I have almost completed the DIY Windows Home Server (http://www.microsoft.com/windows/products/winfamily/windowshomeserver/default.mspx) project just as I would like it. We always try and handle new projects in-house (no IT department here) if we can and I've only recently discovered and am extremely impressed with Microsoft's WHS concept. Its strength is simplicity of user interface and that it sniffs for and backs-up client PCs connected to it automatically. Its weakness is its self-backup. So, bearing in mind the unique and irreplaceable nature of the data it will hold, I have investigated data integrity and arrived at the following solution of data archive which I commend to anyone in a similar situation. This advice would be equally applicable to centralise an archive of music or video files or any type of documents:
Break away from the familiar concept we all have of stand-alone PCs and set up one as a Windows Home Server, in my case as I want to minimise electricity consumption based on an Intel Atom processor (as found in Netbooks). My server box is the Compaq CQ2000, available factory refurbished for about GBP 150. You do not need cutting edge hardware performance because the limitation of the entire home server concept is how fast you can squirt data down a 100Mb Cat5 cable. 1GB of RAM is more than enough for WHS. I measured the power consumption as 49W all running incl. cooling fan, 2W standby.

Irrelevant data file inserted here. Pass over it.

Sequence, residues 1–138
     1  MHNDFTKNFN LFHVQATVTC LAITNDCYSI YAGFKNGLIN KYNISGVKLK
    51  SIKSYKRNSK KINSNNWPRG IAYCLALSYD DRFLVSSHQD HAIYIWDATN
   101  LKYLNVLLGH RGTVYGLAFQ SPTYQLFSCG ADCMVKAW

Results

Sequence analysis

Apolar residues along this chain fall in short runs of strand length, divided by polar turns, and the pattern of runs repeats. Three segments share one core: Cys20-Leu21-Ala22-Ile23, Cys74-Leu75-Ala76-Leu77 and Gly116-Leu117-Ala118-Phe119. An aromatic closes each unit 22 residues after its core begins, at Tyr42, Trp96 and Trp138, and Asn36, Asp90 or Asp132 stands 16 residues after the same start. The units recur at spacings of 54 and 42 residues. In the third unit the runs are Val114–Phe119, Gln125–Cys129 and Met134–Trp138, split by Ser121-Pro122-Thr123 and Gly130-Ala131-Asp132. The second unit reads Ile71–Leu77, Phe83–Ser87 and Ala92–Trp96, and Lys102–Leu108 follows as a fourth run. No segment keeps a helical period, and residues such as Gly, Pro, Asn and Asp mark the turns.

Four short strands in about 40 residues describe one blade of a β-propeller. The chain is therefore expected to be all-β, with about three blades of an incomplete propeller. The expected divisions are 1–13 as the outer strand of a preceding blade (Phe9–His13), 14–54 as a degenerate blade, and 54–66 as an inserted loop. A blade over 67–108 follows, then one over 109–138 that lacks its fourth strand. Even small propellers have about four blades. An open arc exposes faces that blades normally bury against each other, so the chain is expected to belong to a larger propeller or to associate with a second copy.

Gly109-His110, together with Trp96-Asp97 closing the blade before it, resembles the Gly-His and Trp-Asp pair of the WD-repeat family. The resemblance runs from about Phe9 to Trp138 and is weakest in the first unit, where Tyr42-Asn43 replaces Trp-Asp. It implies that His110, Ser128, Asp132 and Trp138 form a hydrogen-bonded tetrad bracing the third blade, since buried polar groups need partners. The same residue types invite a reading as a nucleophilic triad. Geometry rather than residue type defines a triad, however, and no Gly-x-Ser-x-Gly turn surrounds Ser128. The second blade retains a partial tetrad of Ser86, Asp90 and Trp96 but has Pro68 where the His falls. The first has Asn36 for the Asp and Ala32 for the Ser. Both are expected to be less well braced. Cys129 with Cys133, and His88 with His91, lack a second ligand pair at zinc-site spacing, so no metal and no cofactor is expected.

Admit that having data spread around several PCs may well be more secure, but finding and using that data then relies too much on human memory and ...
If you can't find the information you want, you might as well not have it at all
Assume that the server will fail and lay down a backup-recovery strategy
What I've done - and this hardware/software costs much more than the Microsoft WHS package and the server hardware itself is to install and configure: